A year ago, Boulder experienced monsoon-like rains that flooded roadways, overflowed creeks and prompted evacuations. As the anniversary of this event rolls around, some of you might be surprised by how emotional you become.
No one who lives through a disaster is untouched by the experience. Flooding can have profound effects on a person’s emotional, social and mental health that may continue over extended periods of time. The psychological upset caused by the disaster often lingers long after the debris has been cleared away. The pain can also be more profound when their home is destroyed, social support is unavailable or when friends and family are lost.
Listed below are 3 ways to ease disaster-related anxiety and stress.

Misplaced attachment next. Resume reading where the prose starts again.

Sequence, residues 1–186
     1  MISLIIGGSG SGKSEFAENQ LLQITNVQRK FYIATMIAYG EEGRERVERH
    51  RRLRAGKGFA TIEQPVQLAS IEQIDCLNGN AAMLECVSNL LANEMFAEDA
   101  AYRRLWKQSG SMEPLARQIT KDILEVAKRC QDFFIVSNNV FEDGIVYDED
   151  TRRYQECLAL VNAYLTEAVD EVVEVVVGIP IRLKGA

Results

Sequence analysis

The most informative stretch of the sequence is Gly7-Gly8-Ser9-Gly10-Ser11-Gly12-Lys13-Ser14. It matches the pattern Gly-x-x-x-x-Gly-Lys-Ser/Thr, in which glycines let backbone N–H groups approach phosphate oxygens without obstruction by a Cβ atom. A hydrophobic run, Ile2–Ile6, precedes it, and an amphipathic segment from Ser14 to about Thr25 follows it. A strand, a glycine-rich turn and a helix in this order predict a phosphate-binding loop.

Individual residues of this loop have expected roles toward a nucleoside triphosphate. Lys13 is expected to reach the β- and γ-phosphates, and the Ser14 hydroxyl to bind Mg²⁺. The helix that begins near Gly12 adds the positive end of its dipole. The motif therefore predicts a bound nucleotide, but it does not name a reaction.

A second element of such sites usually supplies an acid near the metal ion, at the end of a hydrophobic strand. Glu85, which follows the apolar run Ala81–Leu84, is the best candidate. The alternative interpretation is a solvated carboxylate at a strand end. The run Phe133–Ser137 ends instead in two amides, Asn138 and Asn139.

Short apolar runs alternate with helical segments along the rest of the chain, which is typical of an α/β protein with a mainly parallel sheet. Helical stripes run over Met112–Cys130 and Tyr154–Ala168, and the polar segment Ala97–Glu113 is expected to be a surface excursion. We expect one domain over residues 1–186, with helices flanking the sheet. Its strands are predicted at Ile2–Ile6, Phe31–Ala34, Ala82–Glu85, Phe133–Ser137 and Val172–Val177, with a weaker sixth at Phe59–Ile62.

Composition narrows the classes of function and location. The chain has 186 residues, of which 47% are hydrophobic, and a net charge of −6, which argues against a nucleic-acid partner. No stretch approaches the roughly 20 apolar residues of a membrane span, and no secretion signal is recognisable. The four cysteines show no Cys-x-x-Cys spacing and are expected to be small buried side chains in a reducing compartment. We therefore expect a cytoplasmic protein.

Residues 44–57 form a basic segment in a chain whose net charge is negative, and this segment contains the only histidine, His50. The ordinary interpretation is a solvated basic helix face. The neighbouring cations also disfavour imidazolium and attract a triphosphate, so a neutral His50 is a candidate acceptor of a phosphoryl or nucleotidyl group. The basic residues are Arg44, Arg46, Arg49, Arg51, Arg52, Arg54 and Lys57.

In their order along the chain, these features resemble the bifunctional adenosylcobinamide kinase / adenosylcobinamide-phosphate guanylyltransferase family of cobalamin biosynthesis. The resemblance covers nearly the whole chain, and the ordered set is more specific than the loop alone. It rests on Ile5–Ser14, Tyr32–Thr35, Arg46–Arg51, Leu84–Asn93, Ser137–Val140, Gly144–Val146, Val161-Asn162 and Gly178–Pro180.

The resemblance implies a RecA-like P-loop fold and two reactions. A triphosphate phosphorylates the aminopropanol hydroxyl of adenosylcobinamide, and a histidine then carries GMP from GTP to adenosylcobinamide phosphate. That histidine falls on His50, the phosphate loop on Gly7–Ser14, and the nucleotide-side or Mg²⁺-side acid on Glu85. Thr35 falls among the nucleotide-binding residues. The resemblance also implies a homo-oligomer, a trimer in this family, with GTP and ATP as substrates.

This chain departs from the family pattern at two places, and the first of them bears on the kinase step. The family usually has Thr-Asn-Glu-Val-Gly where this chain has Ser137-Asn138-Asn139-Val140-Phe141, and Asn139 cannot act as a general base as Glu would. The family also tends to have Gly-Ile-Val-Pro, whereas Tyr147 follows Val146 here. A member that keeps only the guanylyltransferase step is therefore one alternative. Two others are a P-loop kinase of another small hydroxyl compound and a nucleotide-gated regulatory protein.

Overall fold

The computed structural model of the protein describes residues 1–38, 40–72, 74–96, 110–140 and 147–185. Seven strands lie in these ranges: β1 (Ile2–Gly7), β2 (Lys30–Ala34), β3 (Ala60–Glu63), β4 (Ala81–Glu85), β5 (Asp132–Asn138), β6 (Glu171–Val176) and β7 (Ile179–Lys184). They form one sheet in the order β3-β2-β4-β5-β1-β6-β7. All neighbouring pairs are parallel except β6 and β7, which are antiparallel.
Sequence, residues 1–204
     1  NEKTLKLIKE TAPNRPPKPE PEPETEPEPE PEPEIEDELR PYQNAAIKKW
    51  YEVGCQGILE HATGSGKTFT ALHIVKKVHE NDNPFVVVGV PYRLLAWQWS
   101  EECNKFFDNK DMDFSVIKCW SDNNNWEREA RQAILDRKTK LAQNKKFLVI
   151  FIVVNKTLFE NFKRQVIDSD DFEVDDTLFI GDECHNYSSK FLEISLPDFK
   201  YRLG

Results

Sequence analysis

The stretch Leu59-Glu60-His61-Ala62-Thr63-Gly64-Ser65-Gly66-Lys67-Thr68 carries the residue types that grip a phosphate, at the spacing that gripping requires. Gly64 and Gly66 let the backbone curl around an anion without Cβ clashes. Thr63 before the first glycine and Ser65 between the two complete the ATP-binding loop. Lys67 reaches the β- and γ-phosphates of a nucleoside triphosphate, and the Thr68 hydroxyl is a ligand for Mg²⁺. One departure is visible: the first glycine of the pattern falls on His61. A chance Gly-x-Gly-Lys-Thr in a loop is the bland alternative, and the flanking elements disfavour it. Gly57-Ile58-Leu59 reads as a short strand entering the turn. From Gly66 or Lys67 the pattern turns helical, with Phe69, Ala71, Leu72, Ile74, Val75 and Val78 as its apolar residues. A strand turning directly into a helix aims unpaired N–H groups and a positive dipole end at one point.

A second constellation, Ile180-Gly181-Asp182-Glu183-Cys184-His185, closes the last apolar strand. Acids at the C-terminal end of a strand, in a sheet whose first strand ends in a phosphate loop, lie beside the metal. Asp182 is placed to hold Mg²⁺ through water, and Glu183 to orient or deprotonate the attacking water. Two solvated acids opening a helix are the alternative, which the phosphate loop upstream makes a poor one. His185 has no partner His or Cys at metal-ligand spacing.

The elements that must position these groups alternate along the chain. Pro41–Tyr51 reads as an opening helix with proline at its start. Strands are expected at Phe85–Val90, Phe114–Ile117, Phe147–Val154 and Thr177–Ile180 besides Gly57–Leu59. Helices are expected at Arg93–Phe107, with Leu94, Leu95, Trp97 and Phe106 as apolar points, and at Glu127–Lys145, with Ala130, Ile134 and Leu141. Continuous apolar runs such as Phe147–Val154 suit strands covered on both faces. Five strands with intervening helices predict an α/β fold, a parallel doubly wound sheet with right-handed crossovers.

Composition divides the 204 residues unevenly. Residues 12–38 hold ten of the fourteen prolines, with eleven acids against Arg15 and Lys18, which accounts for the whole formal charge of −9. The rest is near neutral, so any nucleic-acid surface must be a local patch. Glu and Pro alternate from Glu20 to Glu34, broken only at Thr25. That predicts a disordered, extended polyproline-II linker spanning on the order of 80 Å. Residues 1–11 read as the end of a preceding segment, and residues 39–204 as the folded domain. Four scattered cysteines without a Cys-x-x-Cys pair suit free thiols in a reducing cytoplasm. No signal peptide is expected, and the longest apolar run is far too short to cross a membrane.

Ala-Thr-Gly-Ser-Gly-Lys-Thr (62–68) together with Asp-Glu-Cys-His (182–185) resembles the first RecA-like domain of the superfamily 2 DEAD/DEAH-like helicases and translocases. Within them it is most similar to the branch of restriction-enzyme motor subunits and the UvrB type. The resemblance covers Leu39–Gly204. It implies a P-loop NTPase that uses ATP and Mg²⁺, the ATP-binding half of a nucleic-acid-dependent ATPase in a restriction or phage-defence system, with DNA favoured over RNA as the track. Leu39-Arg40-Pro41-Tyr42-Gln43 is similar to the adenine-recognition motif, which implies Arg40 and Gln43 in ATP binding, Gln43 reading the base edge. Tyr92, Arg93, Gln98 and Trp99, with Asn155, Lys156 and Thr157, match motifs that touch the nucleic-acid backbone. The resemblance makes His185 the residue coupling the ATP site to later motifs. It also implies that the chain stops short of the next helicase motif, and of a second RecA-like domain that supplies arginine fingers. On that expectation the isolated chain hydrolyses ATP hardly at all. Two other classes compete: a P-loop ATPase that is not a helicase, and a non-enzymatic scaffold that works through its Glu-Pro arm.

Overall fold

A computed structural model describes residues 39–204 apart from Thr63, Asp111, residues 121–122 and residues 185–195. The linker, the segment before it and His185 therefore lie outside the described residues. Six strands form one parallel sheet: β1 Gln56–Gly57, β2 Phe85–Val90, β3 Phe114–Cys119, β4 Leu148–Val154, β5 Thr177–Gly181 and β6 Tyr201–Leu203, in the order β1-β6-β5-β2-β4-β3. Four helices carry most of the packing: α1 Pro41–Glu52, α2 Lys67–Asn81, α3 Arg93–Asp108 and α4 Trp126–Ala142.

Talk to someone
Turning to social connections is one of the best things you can do to ease your way to recovery. A lot of people who have sustained an injury or lost their homes through the disaster have recovered through the help of their family and friends.
Talking to others is a great way to release pent-up emotions, anxiety and tension. Talk to someone about your feelings, anxieties and worries.
Give it time
The speed of recuperation varies from one person to another. Most people feel better within 3 months after the event; while others recover more slowly. Each person gets through the emotional challenges of a disaster in their own time and on their own terms.
Ask for help
Distress is a common reaction for people following a flood, but only a minority of people will develop further mental health problems. Someone who has experienced death of a loved one, lost their home and most of their possessions may need some type of long-term emotional support such as counseling.
Do not hesitate to seek professional help. There are counselors available in your area, whom you can talk to. They can share with you some coping tips and give you some advice on how to manage the emotions associated with the flood.